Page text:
19. Hajian, Sara, und Josep Domingo-Ferrer. 2013a. A Methodology for Direct and Indirect Discrimination Prevention in Data Mining. IEEE Transactions on Knowledge and Data Engineering 25(7):1445–1459.Google Scholar
  20. Hajian, Sara, und Josep Domingo-Ferrer. 2013b. Direct and indirect discrimination prevention methods. In Discrimination and privacy in the information society. Data mining and profiling in large databases, Hrsg. Bart Custers, Toon Calders, Bart Schermer, und Tal Zarsky, 241–256. Berlin: Springer.Google Scholar
  21. Hellman, Deborah. 2011. When is discrimination wrong? Cambridge: Harvard University Press.Google Scholar
  22. Hermanin, Costanza, und Angelina Atanasove. 2013. Making „Big Data“ Work for Equality. http://www.opensocietyfoundations.org/voices/making-big-data-work-equality-0. Zugegriffen: 9. Jan. 2014.Google Scholar
  23. Introna, Lucas D., und David Wood. 2004. Picturing Algorithmic Surveillance. The Politics of Facial Recognition Systems. Surveillance & Society 2(2/3):177–198.Google Scholar
  24. Kamiran, Faisal, und Toon Calders. 2012. Data preprocessing techniques for classification without discrimination. Knowledge and Information Systems 33(1):1–33.Google Scholar
  25. Kamiran, Faisal, Toon Calders, und Mykola Pechenizkiy. 2013. Techniques for discrimination-free predictive models. In Discrimination and privacy in the information society. Data mining and profiling in large databases, Hrsg. Bart Custers, Toon Calders, Bart Schermer, und Tal Zarsky, 223–239. Berlin: Springer.Google Scholar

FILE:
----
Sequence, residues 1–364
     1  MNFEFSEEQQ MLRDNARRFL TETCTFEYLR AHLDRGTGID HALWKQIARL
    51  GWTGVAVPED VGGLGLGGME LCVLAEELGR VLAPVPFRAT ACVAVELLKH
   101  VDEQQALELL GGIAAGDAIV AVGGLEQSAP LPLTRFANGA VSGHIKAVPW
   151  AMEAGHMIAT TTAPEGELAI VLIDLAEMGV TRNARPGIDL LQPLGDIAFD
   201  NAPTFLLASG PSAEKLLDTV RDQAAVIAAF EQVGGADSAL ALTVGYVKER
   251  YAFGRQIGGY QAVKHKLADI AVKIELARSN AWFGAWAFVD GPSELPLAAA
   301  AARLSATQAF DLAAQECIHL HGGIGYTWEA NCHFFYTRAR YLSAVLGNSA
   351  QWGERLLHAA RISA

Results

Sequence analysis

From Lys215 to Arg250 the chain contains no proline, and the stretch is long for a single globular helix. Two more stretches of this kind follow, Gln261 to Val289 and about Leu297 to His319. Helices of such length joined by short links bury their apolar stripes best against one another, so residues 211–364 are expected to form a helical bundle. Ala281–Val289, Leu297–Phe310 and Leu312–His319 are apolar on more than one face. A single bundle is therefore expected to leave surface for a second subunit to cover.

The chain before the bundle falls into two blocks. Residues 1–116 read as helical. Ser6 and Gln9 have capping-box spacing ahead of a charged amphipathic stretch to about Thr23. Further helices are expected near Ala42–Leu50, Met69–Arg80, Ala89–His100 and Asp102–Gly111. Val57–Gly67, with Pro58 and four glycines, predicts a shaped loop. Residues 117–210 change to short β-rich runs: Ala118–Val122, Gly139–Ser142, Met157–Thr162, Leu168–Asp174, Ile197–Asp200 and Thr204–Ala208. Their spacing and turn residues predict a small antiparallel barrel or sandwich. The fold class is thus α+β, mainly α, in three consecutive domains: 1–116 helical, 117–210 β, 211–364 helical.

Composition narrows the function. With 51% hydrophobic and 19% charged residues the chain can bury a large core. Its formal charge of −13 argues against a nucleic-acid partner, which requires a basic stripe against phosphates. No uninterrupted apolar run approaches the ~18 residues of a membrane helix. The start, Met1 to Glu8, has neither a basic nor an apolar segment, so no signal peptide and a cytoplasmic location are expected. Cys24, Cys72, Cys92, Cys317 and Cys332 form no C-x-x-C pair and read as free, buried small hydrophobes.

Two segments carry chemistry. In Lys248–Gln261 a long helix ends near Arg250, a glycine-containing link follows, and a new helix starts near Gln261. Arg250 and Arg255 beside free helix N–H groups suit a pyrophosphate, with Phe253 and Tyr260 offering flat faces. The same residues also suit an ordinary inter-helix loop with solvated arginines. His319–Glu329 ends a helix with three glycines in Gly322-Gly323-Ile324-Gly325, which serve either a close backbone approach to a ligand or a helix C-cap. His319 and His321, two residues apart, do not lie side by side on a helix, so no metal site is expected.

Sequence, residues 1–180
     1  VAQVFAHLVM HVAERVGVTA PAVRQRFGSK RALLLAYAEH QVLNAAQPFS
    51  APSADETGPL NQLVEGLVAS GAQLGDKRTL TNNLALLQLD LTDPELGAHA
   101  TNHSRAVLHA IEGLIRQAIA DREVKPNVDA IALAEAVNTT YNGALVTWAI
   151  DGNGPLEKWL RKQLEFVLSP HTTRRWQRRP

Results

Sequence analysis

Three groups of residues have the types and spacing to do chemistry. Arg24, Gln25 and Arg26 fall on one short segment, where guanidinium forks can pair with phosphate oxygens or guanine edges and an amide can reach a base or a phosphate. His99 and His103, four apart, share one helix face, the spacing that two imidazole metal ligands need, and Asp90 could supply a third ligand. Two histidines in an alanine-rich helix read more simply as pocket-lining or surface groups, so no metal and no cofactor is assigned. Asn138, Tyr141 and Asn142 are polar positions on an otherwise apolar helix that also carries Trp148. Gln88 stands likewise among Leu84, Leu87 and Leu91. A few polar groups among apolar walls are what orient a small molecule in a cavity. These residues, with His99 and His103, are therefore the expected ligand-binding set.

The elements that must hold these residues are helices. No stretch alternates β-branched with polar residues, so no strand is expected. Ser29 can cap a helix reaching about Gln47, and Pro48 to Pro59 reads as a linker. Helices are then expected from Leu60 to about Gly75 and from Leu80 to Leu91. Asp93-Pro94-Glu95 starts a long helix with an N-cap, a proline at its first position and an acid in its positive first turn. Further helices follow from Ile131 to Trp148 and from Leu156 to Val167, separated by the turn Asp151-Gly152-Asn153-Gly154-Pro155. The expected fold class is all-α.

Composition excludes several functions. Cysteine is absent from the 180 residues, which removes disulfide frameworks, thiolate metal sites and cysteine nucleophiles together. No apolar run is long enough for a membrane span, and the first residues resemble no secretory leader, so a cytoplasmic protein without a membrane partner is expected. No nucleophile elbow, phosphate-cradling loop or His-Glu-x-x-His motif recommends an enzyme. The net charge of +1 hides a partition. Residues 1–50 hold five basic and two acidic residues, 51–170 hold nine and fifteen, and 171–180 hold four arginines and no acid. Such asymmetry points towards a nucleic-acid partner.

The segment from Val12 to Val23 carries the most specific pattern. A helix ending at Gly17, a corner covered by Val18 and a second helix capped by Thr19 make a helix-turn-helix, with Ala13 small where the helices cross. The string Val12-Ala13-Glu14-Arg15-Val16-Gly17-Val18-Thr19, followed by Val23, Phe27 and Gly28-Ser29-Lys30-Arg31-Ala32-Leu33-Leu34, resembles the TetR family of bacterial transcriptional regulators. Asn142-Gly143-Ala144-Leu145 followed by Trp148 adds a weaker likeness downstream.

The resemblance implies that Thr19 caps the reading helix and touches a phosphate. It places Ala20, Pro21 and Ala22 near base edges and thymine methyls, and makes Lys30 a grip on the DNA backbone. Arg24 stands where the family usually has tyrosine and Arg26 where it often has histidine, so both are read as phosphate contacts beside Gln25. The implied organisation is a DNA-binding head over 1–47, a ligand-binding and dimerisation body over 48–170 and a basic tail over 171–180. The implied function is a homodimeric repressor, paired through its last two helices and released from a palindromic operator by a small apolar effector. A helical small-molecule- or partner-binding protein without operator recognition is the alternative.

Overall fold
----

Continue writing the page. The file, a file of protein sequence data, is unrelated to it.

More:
26. Kerr, Ian, und Jessica Earle. 2013. Prediction, preemption, presumption. How big data threatens big picture privacy. Stanford Law Review Online 66:65–72.Google Scholar
  27. Khandani, Amir E., J. Kim Adlar, und Andrew W. Lo. 2010. Consumer credit-risk models via machine-learning algorithms. Journal of Banking & Finance 34(11):2767–2787.Google Scholar
  28. Kleinberg, Jon M., Sendhill Mullainathan, und Manish Raghavan. 2016. Inherent trade-offs in the fair determination of risk scores. arXiv:1609.05807:1–23.Google Scholar
  29. Kusner, Matt J., Joshua R. Loftus, Chris Russell, und Ricardo Silva. 2017. Counterfactual Fairness. arXiv:1703.06856:1–21.Google Scholar
  30. Latour, Bruno. 1999. Pandora’s hope. Essays on the reality of science studies. Cambridge: Harvard University Press.Google Scholar
  31. Latour, Bruno. 2014. Technology is society made durable. The Sociological Review 38(1):103–131.Google Scholar
  32. Levin, Sam. 2016. A beauty contest was judged by AI and the robots didn’t like dark skin. https://www.theguardian.com/technology/2016/sep/08/artificial-intelligence-beauty-contest-doesnt-like-black-people. Zugegriffen: 10. Sept. 2016.Google Scholar
  33. Mager, Astrid. 2012. Algorithmic Ideology. How capitalist society shapes search engines. Information, Communication & Society 15(5):769–787.Google Scholar